Many flume problems are unique to a particular type of flume, but when you use a flume for an irrigation channel, there are problems that can arise regardless of the design you’ve implemented. To ensure you’re getting accurate measurements, make sure you’ve accounted for all the potential errors. Learn about the most common irrigation flume problems and what to look out for.
In order for irrigation flumes to function properly, they need to be level. Flumes will settle after installation, and that settling doesn’t always happen evenly along its entire length. That’s why you should check the level about six months after installation and then each year after that. Remember, when you’re checking the level, measure at the flume floor if possible because that’s where it actually matters the most.
Water Missing the Flume
As flumes age, the walls and the floor can erode. When this happens, there may be spaces beside and below the flume where the flow could go instead. When this happens, you won’t be getting accurate measurements since the flow is missing the flume. Additionally, a submerged flume won’t provide useful measurements, as the water is simply traveling all around it rather than straight through.
Poor Upstream Conditions
Flow traveling into the flume has to meet certain conditions in order for measurements to be accurate. If an irrigation flume is dealing with a flow that’s off-centered or nowhere near the appropriate velocity profile, you’re not going to get useful measurements. The upstream conditions could cause seepage, which will throw off the measurements as well.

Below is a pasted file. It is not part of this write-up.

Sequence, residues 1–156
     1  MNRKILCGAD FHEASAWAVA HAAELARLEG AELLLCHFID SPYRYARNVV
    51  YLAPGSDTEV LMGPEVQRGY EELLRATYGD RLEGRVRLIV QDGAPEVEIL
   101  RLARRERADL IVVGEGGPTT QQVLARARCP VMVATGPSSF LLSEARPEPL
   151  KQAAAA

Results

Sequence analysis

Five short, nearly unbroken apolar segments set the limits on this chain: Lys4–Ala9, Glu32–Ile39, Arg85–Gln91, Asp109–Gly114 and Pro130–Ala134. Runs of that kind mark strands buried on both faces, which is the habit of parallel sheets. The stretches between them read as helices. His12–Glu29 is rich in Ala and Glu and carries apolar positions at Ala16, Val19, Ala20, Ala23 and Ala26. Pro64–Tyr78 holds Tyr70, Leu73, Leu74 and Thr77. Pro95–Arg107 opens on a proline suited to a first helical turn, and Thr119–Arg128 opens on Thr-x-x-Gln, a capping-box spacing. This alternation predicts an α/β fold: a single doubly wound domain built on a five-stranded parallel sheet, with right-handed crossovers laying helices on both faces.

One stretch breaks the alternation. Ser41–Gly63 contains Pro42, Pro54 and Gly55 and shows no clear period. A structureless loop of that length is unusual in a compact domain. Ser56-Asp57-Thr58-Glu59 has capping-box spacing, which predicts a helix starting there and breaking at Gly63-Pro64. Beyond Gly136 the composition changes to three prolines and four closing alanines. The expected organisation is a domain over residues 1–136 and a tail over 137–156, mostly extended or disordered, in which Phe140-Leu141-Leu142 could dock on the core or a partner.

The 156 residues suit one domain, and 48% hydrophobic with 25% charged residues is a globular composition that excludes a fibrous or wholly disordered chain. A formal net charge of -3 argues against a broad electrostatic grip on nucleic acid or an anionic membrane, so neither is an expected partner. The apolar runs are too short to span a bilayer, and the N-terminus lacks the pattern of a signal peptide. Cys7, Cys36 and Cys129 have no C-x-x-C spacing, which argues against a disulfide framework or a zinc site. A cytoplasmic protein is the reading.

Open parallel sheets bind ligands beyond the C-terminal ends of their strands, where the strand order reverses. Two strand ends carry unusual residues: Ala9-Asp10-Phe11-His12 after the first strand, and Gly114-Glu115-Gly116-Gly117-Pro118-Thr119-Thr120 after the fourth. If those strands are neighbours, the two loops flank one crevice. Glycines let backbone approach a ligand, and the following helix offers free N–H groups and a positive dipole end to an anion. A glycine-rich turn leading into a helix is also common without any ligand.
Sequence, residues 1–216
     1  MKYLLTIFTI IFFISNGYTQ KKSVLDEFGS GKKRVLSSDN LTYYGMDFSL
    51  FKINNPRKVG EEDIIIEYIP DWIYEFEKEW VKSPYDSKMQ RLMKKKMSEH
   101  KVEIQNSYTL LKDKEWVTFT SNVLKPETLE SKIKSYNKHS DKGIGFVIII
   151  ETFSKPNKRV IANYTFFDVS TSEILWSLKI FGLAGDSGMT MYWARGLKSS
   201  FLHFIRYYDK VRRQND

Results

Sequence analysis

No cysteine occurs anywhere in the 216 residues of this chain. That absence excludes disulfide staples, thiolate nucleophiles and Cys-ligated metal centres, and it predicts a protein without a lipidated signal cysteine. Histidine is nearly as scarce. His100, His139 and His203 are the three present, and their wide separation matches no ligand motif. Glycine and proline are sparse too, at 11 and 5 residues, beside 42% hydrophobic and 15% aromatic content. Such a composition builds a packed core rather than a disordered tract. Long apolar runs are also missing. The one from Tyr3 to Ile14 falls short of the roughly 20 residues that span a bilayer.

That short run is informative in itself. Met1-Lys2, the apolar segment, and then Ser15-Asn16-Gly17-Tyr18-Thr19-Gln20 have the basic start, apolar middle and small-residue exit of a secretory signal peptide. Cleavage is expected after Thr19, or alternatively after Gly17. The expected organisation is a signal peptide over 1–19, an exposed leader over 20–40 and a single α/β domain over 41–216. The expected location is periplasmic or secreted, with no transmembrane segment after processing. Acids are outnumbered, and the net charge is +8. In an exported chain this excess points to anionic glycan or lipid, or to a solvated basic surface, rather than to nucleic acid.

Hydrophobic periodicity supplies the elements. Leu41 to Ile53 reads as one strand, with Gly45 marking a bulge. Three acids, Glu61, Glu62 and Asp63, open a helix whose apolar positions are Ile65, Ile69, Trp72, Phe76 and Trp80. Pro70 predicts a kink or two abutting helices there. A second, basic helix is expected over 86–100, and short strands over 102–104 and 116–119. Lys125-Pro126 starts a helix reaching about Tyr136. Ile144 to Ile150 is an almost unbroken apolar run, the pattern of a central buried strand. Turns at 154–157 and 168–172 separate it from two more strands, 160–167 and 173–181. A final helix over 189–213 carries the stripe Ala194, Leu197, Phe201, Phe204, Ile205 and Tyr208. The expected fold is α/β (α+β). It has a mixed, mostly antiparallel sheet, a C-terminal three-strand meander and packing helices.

When a flume’s geometry changes, it requires an entirely new set of calculations to accurately measure flow rate, and those calculations are extremely difficult to determine. It’s best to just keep the flume free of any build-ups that would change its geometry. While all sorts of sediment could be present within the flume, one of the most common issues is algal growth. Fortunately, removing that growth isn’t all that difficult.
Incorrect Measurement Location
There are some instances in which a flume installation was perfectly carried out and the downstream and upstream conditions are satisfactory, yet there is still an error. This occurs when one takes measurements at the wrong location. In order for the measurement to be accurate, it must be taken back from the throat at about two-thirds the length of the converging wall. Measurements taken in the throat or at the entrance won’t be accurate.
Over time, a flume can change its shape. This may happen due to frost buildup or other changes in the surrounding environment. That’s why it’s so important to brace the sidewalls upon installation. You can check this distortion at the same time you’re measuring how level the flume is, to make sure no walls are bowing out of order.
Find Flume Solutions With Tracom
Whether you’re dealing with common irrigation flume problems or are looking for a new flume entirely, Tracom is happy to help. Our experts can work within any configuration and setting to ensure your flume is installed and offering you the accurate measurements you need. Contact us today to learn more about everything we can offer!